On Iran and women's freedoms


In response to Steven Beavers ("Carter to blame for Iran's issues with women's freedom," August 6):


When the people of a nation have their trust and faith on their religion and leaders it is very dangerous to try to change things overnight. A change in the practices of a society must come gradually. There was a time when American women had no right of ownership in real estate and a widow had to become a dependent of her grown children. It took time for women in America to earn the right to vote and to feel liberated. It is still customary at weddings to have a father or someone else to give away a daughter as if it was a property package or a dependent of the father. Adult women make their own decisions and can support themselves, but most women still like the tradition.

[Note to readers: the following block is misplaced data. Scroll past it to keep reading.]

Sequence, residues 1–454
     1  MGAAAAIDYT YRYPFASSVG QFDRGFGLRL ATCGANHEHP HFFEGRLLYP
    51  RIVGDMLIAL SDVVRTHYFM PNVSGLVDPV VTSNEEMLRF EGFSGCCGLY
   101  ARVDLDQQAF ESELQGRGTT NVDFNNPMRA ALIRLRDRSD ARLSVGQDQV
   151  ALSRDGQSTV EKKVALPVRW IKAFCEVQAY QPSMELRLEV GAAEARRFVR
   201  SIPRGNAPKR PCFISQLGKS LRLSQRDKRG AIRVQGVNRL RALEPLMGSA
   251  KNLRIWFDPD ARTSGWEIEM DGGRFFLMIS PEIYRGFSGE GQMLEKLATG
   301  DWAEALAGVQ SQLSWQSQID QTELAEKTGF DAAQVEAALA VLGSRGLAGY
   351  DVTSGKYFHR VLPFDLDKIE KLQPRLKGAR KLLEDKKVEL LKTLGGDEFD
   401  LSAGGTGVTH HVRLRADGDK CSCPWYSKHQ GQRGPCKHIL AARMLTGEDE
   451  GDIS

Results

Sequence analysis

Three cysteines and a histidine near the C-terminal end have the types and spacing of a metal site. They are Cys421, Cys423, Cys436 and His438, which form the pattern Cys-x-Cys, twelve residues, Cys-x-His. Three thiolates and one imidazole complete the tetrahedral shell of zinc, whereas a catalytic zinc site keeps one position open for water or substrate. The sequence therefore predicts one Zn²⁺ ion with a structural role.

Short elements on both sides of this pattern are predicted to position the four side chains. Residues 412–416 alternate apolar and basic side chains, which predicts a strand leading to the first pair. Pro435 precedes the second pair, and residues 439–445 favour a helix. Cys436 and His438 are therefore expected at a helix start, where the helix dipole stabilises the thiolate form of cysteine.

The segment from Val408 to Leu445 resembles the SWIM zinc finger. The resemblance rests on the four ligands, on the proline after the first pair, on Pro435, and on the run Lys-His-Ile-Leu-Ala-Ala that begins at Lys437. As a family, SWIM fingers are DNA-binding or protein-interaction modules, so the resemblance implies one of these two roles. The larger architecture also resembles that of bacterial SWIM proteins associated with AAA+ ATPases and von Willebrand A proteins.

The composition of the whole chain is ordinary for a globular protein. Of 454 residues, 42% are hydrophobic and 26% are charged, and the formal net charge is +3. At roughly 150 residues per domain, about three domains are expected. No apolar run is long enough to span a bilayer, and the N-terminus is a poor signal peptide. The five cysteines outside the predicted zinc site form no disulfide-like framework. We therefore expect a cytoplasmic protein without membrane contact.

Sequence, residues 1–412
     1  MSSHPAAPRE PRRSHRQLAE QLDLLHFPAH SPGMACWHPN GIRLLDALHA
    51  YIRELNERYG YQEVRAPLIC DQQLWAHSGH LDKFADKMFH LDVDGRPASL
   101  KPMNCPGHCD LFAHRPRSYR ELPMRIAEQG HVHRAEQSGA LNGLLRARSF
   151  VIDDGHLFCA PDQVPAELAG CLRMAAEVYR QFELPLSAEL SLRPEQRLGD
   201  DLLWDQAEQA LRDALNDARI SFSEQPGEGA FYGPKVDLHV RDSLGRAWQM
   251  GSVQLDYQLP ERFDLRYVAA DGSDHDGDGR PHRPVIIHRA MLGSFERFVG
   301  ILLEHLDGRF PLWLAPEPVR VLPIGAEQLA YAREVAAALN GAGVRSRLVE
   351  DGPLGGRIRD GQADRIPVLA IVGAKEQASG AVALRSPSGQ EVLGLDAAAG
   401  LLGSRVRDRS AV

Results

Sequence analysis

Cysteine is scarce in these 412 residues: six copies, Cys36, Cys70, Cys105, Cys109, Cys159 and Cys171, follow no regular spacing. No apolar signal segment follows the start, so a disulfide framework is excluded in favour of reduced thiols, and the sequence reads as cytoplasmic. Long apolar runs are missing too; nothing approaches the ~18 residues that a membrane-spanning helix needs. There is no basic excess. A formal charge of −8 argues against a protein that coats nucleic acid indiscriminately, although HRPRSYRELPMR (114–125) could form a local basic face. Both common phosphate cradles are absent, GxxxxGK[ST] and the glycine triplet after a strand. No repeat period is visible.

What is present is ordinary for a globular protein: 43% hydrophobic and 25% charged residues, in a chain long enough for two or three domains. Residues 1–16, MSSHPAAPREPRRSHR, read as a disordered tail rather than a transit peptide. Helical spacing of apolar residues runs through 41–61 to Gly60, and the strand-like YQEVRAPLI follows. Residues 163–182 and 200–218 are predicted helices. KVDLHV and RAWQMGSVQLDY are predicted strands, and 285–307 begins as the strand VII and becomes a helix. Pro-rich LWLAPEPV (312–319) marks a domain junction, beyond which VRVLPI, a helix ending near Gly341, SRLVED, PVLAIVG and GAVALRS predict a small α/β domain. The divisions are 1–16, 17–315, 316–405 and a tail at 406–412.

Perhaps the Shah was trying to make too much progress in a short time causing the resistance to fight harder. American politicians are not always right. After the Shah was deposed, American politicians encouraged the war between Iraq and Iran that lasted several years. U.S. helped Saddam Hussein with armament and technology. Ultimately, this politics prepared the terrain for the Iraq war and the Persian war. Some actions can be devastating and it is difficult to predict where they may lead to. When justice is not made after a war it would lead to another war later. Just as the First World War was and overture to the Second World War.


Does Steven Beavers think that United States should have invaded Iran? U.S. was already involved with Vietnam. Is military might the way to win the world? A heart is not conquered with violence, but a heart is won with love.


Lisa Miranda, Barstow